U of S | Mailing List Archive | alt-photo-process-l | "Boric acid" and gum

"Boric acid" and gum

"I had the joy of being in the bromoil class with a chemist physician who practiced whatever that field of medicine is where they determine risk and safety stuff at large corps. Anyway, he was a wealth of photo lore. One thing he told me was that the slime goop that kids play with is none other than gum arabic (or even PVA in some cases) mixed with boric acid. Boric acid makes gum go instantly hard (gum viagra?). Jim suggested using this as a sizing. Coat the paper with gum and then harden it in a 1-2% boric acid bath. As a person offlist reminded me, though, when I added acids to my gum mix I got more and more staining/non-exposure hardening in my gum layer as per the example on my website in the learning section on gum, so it may be an iffy proposition. I wonder if the residual boric acid would then affect subsequent gum layers, making it unsuitable for gum, but certainly this was a less toxic form of sizing to dink around with.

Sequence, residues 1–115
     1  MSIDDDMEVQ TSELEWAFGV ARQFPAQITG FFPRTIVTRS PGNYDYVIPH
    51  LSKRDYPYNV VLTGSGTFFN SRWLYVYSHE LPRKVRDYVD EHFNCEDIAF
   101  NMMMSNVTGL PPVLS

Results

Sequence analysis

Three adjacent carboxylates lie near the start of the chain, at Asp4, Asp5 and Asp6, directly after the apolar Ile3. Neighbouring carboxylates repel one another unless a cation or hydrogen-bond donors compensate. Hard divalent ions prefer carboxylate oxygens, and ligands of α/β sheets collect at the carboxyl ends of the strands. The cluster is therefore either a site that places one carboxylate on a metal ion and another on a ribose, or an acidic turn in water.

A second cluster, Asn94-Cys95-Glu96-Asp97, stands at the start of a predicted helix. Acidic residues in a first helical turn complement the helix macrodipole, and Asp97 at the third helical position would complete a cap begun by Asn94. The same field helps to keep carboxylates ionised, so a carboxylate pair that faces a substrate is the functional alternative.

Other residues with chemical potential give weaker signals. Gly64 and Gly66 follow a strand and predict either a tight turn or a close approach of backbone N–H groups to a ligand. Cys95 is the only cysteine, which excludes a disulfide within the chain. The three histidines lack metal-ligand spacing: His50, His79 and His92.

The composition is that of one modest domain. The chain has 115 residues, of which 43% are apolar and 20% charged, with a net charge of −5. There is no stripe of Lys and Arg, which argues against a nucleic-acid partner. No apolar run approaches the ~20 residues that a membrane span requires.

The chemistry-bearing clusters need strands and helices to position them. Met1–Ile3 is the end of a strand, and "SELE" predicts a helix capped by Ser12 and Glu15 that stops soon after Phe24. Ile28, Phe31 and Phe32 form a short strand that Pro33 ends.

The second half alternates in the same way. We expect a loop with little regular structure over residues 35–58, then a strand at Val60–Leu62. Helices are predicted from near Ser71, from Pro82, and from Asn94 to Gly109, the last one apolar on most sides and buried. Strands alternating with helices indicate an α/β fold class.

But ANYWAY, is it possible to do some sort of boric acid/gum thing with your class and allow them to make goo to play with? What is it called, GAK?"
It's called SLIME; it's a viscoelastic gel that boys love to gross girls out with. It's made by mixing PVA with borax (sodium borate) which is alkaline, not with boric acid. It's an experiment that's used to teach an easy lesson about polymerization, and results in a product that kids love, so it's a great science lesson for kids. Generally gum isn't used for this experiment because the results aren't as predictable as with PVA.